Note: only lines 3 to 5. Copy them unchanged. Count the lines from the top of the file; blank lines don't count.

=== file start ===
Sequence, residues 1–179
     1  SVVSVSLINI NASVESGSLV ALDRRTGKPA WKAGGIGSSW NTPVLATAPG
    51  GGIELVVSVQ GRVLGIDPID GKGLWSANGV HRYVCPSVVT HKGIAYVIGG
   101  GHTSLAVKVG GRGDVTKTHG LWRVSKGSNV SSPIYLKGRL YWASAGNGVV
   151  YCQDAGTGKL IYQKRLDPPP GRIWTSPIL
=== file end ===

    51  GGIELVVSVQ GRVLGIDPID GKGLWSANGV HRYVCPSVVT HKGIAYVIGG
   101  GHTSLAVKVG GRGDVTKTHG LWRVSKGSNV SSPIYLKGRL YWASAGNGVV
   151  YCQDAGTGKL IYQKRLDPPP GRIWTSPIL